“You really think he’s in there somewhere?” Al Sorna asked as we walked towards the ship. “The Ally?”
“An influence so malign and powerful is bound to leave traces,” I said. “A historian is a hunter, my lord. Seeking out signs in the undergrowth of correspondence and memoir, tracking prey via the spoor of memory. I don’t expect to find a complete and unbiased history of this thing, be it beast or man or neither. But it will have left traces, and I intend to hunt it down.”
“Then you should have a care, for I suspect it will not be blind to your attentions.”
“Nor yours.” I paused, glancing at his profile, seeing a troubled brow. Where is your certainty? I thought. It had been one of his most aggravating traits during our previous association; the implacable, unshakeable surety. Now there was just a grim and troubled man weighed down by the prospect of trials to come.
“Taking the capital will not be easy,” I said. “The wisest course would be to wait here, gathering strength until the spring.”
“Wisdom and war are rare bedfellows, my lord. And you’re right, the Ally will most likely see it all.”
“Then why . . . ?”
“We cannot simply linger here and wait for the next blow to fall. Any more than your Emperor can expect to remain immune from the Ally’s attentions.”
“I am fully aware of what message to deliver to the Emperor.” The leather satchel bearing the sealed scroll was heavy about my neck, heavier even than my bag of books, though only a fraction of its weight. Just ink, paper and wax, I thought. Yet it could send millions to war.
We halted as we came to the ship, a broad-beamed Meldenean trader, her planking still scorched from the Battle of the Teeth, rails bearing the scars of blades and arrowheads, patches on the sails furled to the rigging. My eyes were also drawn to the serpentine figurehead which, despite having lost much of its lower jaw, retained a certain familiarity. My gaze found the captain at the head of the gangplank, thick arms crossed, his face set in a glower, a face I recalled all too well.
“Did you, perhaps, have a hand in choosing this vessel, my lord?” I asked Al Sorna.
There was a faint glimmer of amusement in his gaze as he shrugged. “Merely a coincidence, I assure you.”
I sighed, finding I had scant room in my heart for yet more resentment, turning to Fornella and extending a hand to the ship. “Honoured Citizen. I’ll join you in a moment.”
I saw Al Sorna’s eyes track her as she walked the plank to the ship, moving with her customary grace born of centuries-long practice. “Despite what the truth-teller said,” he told me, “I caution you, don’t trust her.”
“I was her slave long enough to learn that lesson myself.” I hefted my bag once again and nodded a farewell. “By your leave, my lord. I look forward to hearing the tale of your campaign . . .”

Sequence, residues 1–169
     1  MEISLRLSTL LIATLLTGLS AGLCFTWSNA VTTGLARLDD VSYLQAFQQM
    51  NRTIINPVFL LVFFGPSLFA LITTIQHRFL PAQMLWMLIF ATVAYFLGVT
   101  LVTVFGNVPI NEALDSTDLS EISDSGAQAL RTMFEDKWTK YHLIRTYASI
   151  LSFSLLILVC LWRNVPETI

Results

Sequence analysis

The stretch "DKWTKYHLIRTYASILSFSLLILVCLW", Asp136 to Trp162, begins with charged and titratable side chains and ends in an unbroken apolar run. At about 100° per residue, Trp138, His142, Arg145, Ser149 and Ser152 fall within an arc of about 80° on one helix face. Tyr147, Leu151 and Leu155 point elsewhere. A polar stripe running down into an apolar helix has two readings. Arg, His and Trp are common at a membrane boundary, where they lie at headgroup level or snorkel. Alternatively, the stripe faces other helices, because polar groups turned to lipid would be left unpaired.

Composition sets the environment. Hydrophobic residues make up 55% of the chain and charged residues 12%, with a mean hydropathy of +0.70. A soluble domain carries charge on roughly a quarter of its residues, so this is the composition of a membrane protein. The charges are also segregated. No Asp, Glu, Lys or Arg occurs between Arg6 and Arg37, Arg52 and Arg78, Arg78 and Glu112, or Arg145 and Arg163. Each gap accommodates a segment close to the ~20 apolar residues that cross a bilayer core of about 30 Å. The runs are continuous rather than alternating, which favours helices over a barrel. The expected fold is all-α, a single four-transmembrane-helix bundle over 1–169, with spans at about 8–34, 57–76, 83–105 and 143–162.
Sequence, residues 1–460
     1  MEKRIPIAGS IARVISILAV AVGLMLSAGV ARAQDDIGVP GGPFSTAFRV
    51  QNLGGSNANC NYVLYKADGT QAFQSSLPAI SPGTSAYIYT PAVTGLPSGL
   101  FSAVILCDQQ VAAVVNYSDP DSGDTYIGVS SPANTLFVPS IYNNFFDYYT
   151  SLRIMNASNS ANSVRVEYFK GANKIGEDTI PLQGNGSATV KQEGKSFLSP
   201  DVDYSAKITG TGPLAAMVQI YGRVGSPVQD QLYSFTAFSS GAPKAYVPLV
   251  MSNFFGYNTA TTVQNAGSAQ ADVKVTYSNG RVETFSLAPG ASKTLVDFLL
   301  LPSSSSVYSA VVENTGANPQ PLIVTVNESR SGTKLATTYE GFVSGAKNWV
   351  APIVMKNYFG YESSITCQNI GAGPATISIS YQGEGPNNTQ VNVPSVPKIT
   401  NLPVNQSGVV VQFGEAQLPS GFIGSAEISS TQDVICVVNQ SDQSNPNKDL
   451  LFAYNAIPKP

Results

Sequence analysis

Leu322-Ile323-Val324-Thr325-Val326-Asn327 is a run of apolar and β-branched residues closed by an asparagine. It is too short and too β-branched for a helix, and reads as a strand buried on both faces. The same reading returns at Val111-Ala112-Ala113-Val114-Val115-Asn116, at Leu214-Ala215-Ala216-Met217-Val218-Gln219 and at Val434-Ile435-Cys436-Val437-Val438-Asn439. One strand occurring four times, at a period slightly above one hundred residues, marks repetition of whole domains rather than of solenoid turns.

“You were right,” he broke in, his wary smile returned once more. “The story I told you. There were some . . . omissions.”
“I think you mean lies.”
“Yes.” His smile faded. “But I believe you have earned the truth. I have scant notion of how this war will end, or even if either of us will live to see its end. But if we do, find me again and I promise you’ll have nothing but truth from me.”
I should have been grateful, I know. For what scholar does not hunger for truth from one such as he? But there was no gratitude as I looked into his gaze, no thought save a name. Seliesen.
“I used to wonder,” I said, “how a man who had taken so many lives could walk the earth unburdened by guilt. How does a killer bear the weight of killing and still call himself human? But we are both killers now, and I find it burdens my soul not at all. But then, I killed an evil man, and you a good one.”
I turned away and strode up the gangplank without a backward glance.
She was woken by the snow. Soft, icy caresses on her skin, tingling and not unpleasant, calling her from the darkness. It took a moment for memory to return and when it did she found it a fractured thing, fear and confusion reigning amidst a welter of image and sensation. Iltis roaring as he charged, sword bared . . . The ring of steel . . . A hard fist across her mouth . . . And the man . . . The man who burned her.
She opened her mouth to scream but could issue no more than a whimper, her subsequent gasp dragging chilled air into her lungs. It seemed as if she would freeze from the inside out and she felt it strange she should die from cold after being burned so fiercely.
Iltis! The name was a sudden shout in her mind. Iltis is wounded! Perhaps dead!
She willed herself to move, to get up, call for a healer with all the power her queen’s voice could muster. Instead she barely managed to groan and flutter her hands a little as the snow continued its frosty caress. Rage burned in her, banishing the chill from her lungs. I need to move! I will not die in the snow like a forgotten dog! Drawing jagged air into her lungs again she screamed, putting every ounce of strength and rage into the sound. A fierce scream, a queen’s scream . . . but no more than a rattle of air through teeth when it reached her ears, along with something else.
“. . . better be a good reason for this, Sergeant,” a hard voice was saying, strong, clipped and precise. A soldier’s voice, accompanied by the crunch of boots in snow.